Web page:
What or who inspired you to become a secondary mathematics teacher?
If I had to name one thing that inspired me to become a mathematician, and consequently a maths teacher, I would definitely have to talk about my maths teacher in Year 12. Before him, I wasn't really keen on maths; one could say I wasn't even particularly good at maths. I found the subject confusing and unclear: on one hand we were given formulas and procedures to memorise but on the other hand the exercises we had to solve were nothing like those formulas and procedures. They looked different and new and I found it really hard to apply my knowledge. Moreover, the work seemed to me uninspiring and tedious. I had decided I would become a psychologist, which meant I only had to take one maths class rather than two (I finished school overseas, so the system there is a bit different, i.e. everyone is required to take one maths class in Year 12).
Then this teacher was assigned to me. I had heard rumours in the school about him: he was serious, never smiled and often appeared to be "lost in his world". This teacher was different, but he was different in a good, wonderful way. First of all, he was so passionate about maths! He lived and breathed maths and enjoyed having philosophical discussions about the nature of mathematics which I found really inspiring. He made an effort to show us what maths really is: a beautiful (a little bit like art!) but also a logical subject that anyone can be good at. Instead of having us memorise formulas and procedures, he explained how everything is connected, why those formulas and procedures are true, and what the ideas and intuitions are behind what we were using in the course. Suddenly everything I was learning had meaning and made sense. He enjoyed sharing little glimpses of what maths looks like at the university level, which made my mind go to places it had never gone before (I still remember the day he told us how some infinities are larger than other infinities!). From avoiding maths, I started loving maths. After this teacher, I decided to become a mathematician. That meant I had to change "pathways" and within a year I had to cover the maths curriculum of two years. But this was all fine because I had suddenly become absolutely in love with the subject. All went well and I even proceeded to do graduate studies in mathematics: the girl who thought she was not good in maths (and even disliked maths). A teacher can change someone's life; they can inspire someone to such a great degree...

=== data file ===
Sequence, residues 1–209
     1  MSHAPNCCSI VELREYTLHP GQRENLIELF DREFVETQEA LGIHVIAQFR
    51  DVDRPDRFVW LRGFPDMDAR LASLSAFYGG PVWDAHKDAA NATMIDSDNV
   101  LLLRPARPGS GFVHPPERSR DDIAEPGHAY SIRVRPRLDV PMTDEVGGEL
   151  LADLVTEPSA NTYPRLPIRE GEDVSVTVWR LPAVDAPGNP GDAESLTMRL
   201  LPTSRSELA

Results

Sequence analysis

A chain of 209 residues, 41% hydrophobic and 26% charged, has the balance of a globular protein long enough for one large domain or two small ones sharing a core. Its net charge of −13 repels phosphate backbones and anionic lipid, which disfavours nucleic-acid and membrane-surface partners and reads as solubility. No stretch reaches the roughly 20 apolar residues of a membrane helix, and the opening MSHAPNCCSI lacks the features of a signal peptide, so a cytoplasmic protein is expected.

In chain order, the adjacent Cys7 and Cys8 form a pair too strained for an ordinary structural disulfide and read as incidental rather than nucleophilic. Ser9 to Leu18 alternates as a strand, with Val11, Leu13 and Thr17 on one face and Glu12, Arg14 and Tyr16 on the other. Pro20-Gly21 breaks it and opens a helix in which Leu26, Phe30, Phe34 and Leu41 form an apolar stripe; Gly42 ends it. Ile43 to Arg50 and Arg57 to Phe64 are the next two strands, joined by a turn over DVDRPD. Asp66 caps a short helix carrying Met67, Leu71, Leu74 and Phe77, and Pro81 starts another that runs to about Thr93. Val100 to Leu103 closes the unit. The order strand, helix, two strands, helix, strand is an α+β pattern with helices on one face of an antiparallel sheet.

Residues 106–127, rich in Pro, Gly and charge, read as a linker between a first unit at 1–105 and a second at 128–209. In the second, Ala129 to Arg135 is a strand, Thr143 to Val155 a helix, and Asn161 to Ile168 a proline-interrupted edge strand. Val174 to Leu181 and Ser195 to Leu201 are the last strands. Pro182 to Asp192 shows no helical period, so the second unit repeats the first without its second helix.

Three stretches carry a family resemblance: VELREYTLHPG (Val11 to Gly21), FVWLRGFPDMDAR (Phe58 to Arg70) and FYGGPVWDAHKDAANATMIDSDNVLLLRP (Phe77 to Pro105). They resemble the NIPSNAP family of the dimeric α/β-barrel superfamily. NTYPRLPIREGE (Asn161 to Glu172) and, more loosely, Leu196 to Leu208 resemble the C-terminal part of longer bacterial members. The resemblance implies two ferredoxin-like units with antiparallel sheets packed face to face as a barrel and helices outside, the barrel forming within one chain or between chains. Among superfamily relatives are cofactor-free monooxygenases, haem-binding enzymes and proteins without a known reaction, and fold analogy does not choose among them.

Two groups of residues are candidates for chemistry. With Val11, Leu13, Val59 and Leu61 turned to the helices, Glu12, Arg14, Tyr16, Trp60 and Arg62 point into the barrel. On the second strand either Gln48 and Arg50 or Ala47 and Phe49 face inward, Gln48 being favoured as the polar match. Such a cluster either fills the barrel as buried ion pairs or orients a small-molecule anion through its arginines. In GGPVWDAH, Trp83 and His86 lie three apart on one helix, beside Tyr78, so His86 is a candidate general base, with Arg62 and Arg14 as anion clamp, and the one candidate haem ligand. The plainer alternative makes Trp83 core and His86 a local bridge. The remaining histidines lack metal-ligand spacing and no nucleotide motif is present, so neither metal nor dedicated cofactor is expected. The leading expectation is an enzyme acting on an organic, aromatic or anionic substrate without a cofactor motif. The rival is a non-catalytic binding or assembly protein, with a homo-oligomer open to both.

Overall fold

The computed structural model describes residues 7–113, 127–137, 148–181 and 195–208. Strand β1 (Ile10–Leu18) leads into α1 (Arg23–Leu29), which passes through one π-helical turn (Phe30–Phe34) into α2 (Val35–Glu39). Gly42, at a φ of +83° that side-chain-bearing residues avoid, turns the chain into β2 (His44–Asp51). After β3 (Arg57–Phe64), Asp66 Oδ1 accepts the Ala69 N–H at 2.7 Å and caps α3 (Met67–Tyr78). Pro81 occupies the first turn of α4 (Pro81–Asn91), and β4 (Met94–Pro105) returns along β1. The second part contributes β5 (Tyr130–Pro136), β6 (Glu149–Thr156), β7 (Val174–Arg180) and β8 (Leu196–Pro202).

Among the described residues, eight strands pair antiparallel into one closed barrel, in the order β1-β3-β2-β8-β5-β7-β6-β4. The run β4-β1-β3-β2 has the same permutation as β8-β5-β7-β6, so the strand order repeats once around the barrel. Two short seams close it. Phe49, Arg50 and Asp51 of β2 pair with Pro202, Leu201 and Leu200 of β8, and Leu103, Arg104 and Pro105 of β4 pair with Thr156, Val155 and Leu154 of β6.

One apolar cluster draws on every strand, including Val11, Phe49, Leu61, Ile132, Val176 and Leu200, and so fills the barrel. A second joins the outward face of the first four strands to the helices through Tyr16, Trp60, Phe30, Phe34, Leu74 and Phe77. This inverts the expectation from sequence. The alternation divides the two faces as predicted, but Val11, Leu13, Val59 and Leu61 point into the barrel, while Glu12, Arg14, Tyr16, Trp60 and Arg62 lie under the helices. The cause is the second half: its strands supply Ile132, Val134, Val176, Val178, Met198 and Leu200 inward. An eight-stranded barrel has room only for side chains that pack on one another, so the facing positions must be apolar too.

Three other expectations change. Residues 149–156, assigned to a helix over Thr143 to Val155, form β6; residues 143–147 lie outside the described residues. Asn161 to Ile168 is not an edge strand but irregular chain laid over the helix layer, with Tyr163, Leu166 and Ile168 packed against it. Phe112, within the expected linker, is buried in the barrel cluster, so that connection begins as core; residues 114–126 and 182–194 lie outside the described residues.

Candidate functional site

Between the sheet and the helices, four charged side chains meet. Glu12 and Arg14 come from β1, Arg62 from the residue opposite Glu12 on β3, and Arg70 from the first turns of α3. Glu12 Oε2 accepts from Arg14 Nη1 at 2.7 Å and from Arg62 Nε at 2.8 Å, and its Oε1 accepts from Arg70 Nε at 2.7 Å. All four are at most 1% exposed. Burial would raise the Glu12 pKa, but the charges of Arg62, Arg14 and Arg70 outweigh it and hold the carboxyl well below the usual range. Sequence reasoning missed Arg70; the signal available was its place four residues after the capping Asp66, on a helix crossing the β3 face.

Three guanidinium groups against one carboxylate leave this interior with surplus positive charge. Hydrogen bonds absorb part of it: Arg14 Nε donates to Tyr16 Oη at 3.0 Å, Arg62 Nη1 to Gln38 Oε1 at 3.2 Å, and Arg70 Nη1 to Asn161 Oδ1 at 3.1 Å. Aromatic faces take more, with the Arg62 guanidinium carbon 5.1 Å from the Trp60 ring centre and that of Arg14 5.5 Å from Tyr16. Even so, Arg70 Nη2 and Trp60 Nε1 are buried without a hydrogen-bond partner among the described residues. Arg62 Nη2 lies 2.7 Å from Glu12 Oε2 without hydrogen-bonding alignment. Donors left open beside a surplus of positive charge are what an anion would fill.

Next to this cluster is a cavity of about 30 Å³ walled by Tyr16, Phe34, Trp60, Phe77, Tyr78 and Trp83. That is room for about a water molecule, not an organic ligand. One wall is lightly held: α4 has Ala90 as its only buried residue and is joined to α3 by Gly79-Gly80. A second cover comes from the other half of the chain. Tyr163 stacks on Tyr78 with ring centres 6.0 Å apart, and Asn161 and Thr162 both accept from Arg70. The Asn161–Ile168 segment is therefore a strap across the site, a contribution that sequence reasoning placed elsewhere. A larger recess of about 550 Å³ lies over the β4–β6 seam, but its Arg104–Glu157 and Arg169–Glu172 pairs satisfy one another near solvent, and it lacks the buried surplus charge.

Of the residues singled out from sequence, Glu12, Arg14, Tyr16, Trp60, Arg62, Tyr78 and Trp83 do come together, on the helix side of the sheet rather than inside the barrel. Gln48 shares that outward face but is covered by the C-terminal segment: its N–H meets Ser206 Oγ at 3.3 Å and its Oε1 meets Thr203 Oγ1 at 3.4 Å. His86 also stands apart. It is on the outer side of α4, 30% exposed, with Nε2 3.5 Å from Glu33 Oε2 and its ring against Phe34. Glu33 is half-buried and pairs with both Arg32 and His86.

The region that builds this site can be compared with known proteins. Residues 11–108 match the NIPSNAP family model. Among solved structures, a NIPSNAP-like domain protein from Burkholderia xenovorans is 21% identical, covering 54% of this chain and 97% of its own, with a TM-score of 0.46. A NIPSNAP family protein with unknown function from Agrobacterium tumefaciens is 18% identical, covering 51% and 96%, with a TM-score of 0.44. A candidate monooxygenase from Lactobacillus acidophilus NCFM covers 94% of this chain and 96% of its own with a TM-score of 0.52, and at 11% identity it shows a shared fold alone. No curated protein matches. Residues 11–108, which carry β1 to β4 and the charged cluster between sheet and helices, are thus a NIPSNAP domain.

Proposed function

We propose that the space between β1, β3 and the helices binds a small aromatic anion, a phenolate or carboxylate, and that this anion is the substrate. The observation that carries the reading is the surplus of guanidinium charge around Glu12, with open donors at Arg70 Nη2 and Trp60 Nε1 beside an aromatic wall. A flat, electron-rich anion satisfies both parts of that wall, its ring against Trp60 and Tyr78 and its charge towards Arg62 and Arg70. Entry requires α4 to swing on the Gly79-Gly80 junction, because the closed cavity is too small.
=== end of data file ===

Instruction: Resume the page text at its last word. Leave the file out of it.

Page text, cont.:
This teacher made me want to be that teacher.
By Georgia Christodoulou